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    Dream Cotton Company has a lightweight batting called Dream Green made from recycled bottles. It's light green in color so wouldn't use it under a bright white fabric.

  15. #15
    Super Member feline fanatic's Avatar
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    Quote Originally Posted by quilticing
    Dream Cotton Company has a lightweight batting called Dream Green made from recycled bottles. It's light green in color so wouldn't use it under a bright white fabric.
    I would think this is a much more desirable alternative for "green" batting then bamboo (and not just because of the color). It is my understanding that the chemicals used to process bamboo into batting and fabric are really not all that green.

    In fact a quick internet search reveals this:
    "Because of the potential health risks and damage to the environment surrounding the manufacturing facilities, textile manufacturing processes for bamboo or other regenerated fibers using hydrolysis alkalization with multi-phase bleaching are not considered sustainable or environmentally supportable."

    from: http://organicclothing.blogs.com/my_...-facts-be.html

    I agree with others who have posted making a quilt from recycled clothing is probably much "greener" then any alternatives.

  16. #16
    Super Member karenpatrick's Avatar
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    Thanks for the input everyone.

  17. #17
    Power Poster MadQuilter's Avatar
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    By the time the bamboo is processed, "green" is purely a name not a fact.

    If you want to go green, then I would consider working from used cotton clothing or recycling stash. You can also use a blanket instead of batting, but it should still be comfy for the baby.

  18. #18

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    http://www.purlsoho.com/purl/product...fabric?filters[]=526

    http://www.fatquartershop.com/store/...=&Search_Text=

    There's some really cute baby fabric in there, especially the "Mighty Jungle" line at the Fat Quarter Shop.

  19. #19
    Power Poster sueisallaboutquilts's Avatar
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    Recycled is "green" to me! :D

  20. #20
    Super Member quilttiludrop's Avatar
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    Quote Originally Posted by sueisallaboutquilts
    Recycled is "green" to me! :D
    I agree!

  21. #21
    Super Member BKrenning's Avatar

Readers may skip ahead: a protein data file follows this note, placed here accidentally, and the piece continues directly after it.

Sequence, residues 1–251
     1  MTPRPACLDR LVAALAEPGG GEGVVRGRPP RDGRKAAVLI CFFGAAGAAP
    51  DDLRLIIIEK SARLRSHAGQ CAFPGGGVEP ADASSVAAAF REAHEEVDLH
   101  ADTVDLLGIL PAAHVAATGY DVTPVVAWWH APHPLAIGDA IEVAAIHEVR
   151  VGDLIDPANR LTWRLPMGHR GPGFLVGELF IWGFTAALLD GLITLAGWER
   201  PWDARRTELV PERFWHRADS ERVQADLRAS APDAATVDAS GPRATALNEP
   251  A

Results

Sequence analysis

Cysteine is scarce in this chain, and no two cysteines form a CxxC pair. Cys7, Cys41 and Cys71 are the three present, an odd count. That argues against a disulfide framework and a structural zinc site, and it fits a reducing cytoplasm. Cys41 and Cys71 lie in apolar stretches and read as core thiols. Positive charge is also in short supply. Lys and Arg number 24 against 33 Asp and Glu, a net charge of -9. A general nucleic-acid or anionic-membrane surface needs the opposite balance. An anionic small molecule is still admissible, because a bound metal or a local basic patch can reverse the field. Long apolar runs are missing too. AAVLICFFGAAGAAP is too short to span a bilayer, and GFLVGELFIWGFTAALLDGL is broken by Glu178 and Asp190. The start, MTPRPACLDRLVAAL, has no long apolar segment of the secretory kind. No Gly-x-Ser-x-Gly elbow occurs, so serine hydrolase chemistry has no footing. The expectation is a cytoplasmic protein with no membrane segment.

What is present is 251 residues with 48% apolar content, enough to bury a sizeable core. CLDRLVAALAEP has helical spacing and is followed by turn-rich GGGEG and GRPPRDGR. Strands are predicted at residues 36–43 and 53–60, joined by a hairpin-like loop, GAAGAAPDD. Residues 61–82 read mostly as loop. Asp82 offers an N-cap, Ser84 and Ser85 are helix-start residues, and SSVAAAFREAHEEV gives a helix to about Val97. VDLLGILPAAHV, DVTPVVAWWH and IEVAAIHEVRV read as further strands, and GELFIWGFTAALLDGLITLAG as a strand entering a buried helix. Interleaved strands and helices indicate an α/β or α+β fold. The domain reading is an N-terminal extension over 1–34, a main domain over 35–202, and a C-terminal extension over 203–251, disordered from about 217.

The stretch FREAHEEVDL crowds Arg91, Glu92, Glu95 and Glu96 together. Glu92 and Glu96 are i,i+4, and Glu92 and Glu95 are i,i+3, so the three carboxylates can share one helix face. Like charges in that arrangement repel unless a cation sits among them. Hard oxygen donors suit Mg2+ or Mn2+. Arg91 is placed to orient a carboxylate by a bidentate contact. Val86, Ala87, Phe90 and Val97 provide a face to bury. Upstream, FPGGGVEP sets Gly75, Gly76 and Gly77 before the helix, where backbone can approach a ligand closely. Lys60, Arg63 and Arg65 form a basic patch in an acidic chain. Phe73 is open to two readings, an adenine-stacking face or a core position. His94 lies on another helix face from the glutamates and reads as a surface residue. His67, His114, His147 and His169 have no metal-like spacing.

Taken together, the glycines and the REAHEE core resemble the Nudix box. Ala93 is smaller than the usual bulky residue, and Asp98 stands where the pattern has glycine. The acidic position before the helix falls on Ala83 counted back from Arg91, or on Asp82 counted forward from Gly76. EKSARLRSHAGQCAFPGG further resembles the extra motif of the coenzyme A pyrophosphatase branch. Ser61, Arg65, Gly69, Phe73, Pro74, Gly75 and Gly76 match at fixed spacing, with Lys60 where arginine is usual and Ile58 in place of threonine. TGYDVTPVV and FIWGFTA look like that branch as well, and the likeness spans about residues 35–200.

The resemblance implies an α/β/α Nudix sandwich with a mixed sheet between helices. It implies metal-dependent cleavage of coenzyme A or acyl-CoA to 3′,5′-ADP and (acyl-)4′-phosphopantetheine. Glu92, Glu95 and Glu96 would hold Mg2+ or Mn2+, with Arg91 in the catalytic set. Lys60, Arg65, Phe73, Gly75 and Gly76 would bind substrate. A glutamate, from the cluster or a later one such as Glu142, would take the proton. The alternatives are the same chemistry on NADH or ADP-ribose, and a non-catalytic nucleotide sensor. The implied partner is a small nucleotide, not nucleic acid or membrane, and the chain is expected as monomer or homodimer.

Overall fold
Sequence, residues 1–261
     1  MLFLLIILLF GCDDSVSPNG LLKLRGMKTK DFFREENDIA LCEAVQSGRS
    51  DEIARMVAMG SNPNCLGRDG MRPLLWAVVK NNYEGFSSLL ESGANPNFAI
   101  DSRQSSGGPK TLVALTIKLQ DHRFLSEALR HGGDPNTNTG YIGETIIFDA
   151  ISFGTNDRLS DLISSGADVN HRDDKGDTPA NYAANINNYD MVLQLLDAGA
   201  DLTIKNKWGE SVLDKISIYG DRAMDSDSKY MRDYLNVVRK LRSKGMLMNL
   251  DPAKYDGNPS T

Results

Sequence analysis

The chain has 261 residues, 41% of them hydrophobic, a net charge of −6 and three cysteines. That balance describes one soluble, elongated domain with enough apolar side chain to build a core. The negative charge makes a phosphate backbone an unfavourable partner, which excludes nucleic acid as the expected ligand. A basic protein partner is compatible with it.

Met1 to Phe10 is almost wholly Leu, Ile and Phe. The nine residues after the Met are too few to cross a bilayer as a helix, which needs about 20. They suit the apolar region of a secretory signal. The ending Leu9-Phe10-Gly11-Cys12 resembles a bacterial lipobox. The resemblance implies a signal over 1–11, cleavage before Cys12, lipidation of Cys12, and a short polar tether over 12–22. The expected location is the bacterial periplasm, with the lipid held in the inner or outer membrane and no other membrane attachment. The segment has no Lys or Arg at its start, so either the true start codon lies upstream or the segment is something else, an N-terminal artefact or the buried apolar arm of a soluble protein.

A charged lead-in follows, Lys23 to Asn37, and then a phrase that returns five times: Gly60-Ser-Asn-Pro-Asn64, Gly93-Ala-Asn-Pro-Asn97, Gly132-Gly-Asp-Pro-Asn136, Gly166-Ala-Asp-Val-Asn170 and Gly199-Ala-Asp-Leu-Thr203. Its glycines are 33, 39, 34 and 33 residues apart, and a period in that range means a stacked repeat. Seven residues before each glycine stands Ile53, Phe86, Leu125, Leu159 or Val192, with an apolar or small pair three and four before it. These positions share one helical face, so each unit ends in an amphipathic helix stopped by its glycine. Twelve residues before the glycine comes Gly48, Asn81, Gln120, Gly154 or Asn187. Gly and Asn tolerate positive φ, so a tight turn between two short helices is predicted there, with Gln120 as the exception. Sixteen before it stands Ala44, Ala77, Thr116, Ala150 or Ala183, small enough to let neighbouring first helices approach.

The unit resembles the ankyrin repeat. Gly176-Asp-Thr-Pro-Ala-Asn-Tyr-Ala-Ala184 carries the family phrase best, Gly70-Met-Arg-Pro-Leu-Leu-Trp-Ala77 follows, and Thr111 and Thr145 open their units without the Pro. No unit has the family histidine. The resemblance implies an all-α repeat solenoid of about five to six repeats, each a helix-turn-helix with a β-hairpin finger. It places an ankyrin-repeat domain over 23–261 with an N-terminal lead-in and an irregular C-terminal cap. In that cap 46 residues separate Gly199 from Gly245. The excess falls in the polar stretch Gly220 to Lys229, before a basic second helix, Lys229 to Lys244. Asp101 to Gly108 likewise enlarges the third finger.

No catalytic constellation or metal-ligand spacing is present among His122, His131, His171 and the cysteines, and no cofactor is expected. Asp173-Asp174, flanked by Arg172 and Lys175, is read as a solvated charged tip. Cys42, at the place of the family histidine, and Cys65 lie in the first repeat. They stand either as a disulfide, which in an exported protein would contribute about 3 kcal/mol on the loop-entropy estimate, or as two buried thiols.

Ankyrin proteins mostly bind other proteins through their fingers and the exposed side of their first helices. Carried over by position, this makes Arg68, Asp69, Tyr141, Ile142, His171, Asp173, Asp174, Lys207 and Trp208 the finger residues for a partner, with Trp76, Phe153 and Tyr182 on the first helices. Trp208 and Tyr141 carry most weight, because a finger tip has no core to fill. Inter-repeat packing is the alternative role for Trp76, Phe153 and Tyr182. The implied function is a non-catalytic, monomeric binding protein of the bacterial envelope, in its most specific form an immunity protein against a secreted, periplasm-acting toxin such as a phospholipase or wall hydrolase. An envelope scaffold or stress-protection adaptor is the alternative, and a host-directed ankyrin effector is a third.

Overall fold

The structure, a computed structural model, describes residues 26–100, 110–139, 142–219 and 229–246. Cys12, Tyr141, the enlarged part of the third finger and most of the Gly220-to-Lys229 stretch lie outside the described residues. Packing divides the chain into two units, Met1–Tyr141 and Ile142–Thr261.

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    Quote Originally Posted by mommamac
    does it have to be organic? If you recycle some clothes would that be considered 'green'? Maybe you could get some of mom's tops & dad's shirts.
    This is exactly my thoughts. I call the rag quilt I made for hubby "green" because I used recycled everything except thread--shirts, jeans & batting scraps.

    I also made a baby quilt with scraps of flannel and a leftover piece of fleece for the backing. I had just enough different colors of flannel to make 5" Trip Around the World block pattern with it.

  22. #22
    Super Member deranged_damsel's Avatar
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    Fleece is made out of soda bottles, so its "GREEN" also ;)

  23. #23
    RST
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    Seattle is very "green" territory, so I'll throw my perspective into the mix. A lot of the new hip/green moms around here would be very into wool batting. It's really nice to work with too. And while pricey, not as expensive as bamboo batts.

    I guess it really depends on the individual couple as to how well they would like a baby quilt made out of recycled clothing from a thrift store. A lot of new parents are a little on the squeamish side when it comes to anything used touching their newborn (not as big an issue if it's from a family member). So you'd have to be the judge of that.

    RST

  24. #24
    Super Member OneMoreQuilt's Avatar
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    I also thing an all cotton quilt would be considered green.

  25. #25
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    Isn't cotton GREEN?